10 tips for a healthy holiday season
About the Author
Emilie Delworth is a holistic nutritionist at Elevate Wellness Center in South Lake Tahoe. To schedule or for further questions, call us at 530-541 9355. Visit http://www.elevate-wellness.com for more information.
For some, the holidays are a time to relax and enjoy time with friends and family.
For others, it is a stressful time, plagued by financial worries, having to deal with annoying uncle Larry, planning trips, and for many, the worry of maintaining a healthy diet and lifestyle amongst so many tempting foods.
Thanksgiving, Hanukkah and Christmas are typically associated with decadent dishes: Turkey, ham, mashed potatoes, latkes, matzo ball soup, pumpkin or apple pie, and more. These holidays are renowned for overeating and experiencing “food comas.”
The assumption is that health and holidays cannot go hand-in-hand, and those who live healthy lives the rest of the year often throw caution to the wind for these couple of months. But does it have to be this way?
Support Local Journalism
Is a happy, healthy, holiday season possible?
It is absolutely possible to enjoy favorite seasonal foods, indulge in holiday treats and still maintain balanced habits.
Here are 10 tips to help you enjoy your holiday season without feeling deprived:
1. Moderation is key: Be mindful of your portion sizes. Start with small servings and if you’re still hungry, have seconds. If you want to indulge in desserts, choose one rather than trying them all.
2. Eat slowly and chew your food: One of the most common issues I run into with my clients who struggle with digestive issues is that they eat way too fast and don’t chew their food properly. Chew your food into a paste. Eat slowly and really savor each bite. When we eat slower, we allow our brain to catch up to our stomach and realize we don’t need as much food to feel satiated as we think we do when rushing through a meal.
3. Purposeful movement: The body is meant to move. You don’t have to “work out” to stay active. Purposeful movement is movement we do in our every day lives. Park farther away from the store and get some extra steps in. Encourage the family to get outside for a quick game of touch football during the halftime show.
4. Add more vegetables: The autumn season brings so many yummy vegetables that can easily be incorporated into a classic side dish, or try a new veggie main this season.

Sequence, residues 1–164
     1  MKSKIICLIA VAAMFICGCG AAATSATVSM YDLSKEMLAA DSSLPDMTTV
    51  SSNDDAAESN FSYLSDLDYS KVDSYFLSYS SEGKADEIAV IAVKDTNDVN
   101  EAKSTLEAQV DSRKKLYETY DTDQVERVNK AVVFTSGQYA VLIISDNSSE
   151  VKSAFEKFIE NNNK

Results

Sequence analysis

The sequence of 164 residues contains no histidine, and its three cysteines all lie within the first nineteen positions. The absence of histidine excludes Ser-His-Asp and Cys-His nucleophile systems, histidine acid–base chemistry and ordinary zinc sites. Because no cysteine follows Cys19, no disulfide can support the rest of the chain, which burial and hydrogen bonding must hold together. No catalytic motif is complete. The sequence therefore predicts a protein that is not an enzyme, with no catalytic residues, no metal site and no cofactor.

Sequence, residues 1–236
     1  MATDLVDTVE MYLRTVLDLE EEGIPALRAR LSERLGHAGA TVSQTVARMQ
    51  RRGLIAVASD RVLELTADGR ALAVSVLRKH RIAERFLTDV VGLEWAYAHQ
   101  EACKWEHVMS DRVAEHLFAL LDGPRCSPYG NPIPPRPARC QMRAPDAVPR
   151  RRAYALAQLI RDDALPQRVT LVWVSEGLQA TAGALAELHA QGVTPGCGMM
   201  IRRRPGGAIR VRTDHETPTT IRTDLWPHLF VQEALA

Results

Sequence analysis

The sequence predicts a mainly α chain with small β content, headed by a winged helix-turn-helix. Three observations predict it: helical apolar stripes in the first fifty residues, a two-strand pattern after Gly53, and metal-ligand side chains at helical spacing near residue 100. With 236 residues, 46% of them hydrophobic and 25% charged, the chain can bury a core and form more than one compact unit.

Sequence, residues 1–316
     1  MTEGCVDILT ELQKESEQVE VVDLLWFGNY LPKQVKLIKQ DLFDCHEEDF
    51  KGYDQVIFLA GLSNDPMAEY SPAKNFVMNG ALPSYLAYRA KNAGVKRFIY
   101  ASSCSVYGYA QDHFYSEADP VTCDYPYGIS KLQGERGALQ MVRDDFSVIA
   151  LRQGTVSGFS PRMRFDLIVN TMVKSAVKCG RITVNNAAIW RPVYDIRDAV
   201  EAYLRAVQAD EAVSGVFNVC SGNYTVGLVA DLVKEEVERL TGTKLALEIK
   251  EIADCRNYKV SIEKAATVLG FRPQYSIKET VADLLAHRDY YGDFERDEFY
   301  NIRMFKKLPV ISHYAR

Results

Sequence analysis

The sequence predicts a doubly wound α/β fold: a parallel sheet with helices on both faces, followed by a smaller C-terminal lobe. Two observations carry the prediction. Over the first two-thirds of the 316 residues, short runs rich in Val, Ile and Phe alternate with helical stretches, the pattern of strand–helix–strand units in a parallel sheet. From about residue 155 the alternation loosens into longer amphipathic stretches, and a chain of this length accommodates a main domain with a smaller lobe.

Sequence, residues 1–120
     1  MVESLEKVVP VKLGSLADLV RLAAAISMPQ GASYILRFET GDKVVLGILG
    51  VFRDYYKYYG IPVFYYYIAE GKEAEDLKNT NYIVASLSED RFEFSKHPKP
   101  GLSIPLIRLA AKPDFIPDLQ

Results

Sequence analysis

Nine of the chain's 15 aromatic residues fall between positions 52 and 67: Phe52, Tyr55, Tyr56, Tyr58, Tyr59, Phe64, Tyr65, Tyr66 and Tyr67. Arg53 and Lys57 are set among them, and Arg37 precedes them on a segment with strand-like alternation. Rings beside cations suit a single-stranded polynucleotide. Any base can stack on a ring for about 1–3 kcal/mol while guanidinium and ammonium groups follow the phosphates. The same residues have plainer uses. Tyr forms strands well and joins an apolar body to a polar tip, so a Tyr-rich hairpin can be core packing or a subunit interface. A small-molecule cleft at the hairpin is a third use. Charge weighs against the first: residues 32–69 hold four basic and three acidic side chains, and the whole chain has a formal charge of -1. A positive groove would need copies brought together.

5. Homecooked over processed and packaged: Opt for homemade over store bought. Bake your pumpkin pie from scratch. Make your own cranberry sauce. You have better control over the quality of the ingredients used, and you avoid preservatives.
6. Modify classic recipes: Whether you’re gluten free, paleo or just aiming for healthier ingredients, the internet is filled with tons of modifications and alternatives for pretty much all of your favorite recipes.
7. Don’t skip meals: People often miss breakfast or lunch in hopes of leaving space for the big dinner. Unfortunately, this just isn’t how our body works. It can lead to insulin spikes, and resultant energy crashes. Skipping meals also makes us much more likely to binge eat once dinner comes. This is too overwhelming for the liver. You can still enjoy all of the delicious food once dinner is served if you follow tips 1 and 2.
8. Stay hydrated: This helps ensure healthy energy levels and a balanced mood. That eggnog and hard apple cider can be quite dehydrating, even in moderation.
9. Stress Management: Engage in relaxing activities that help counteract stress. Breathing exercises, taking a hot bath, going for a walk, doing yoga, and reading a good book, are all great ways to counteract the holiday anxiety.
10. Sleep: It’s a busy time of year, I know. But sleep is important for processing our day’s activity and regenerating our cells. If you want to be super mom or an excellent host, you’re going to need your sleep.
Bonus tip: Honoring the spirit of the season.
Maintaining a balanced, healthy life may not be easy, especially amongst family and friends who don’t value health in the way that you do, but it is not impossible. So often we forget the spirit of the season and engage in what we now know as classic indulgent behaviors. But the holidays are about so much more than receiving gifts and eating in excess.
Remember and honor the spirit of each holiday that you celebrate. Thanksgiving, Hanukkah and Christmas are times to honor our ancestors: their sufferings, sacrifices and achievements. It is a season to appreciate our freedoms, and who and what we have. They are a time of banding together to provide for the less fortunate.
I find it less difficult to engage in unhealthy, indulgent behaviors when mindful of the meaning behind holiday gatherings and traditions.
Stay tuned for some new healthy holiday recipes to try!
Healthy Tahoe is a look at health-related topics that shape our community and is made possible through content provided by our sponsors.
Support Local Journalism
Readers around the Lake Tahoe Basin and beyond make the Tahoe Tribune's work possible. Your financial contribution supports our efforts to deliver quality, locally relevant journalism.
Now more than ever, your support is critical to help us keep our community informed about the evolving coronavirus pandemic and the impact it is having locally. Every contribution, however large or small, will make a difference.
Your donation will help us continue to cover COVID-19 and our other vital local news.
Start a dialogue, stay on topic and be civil.
If you don't follow the rules, your comment may be deleted.
User Legend: Moderator Trusted User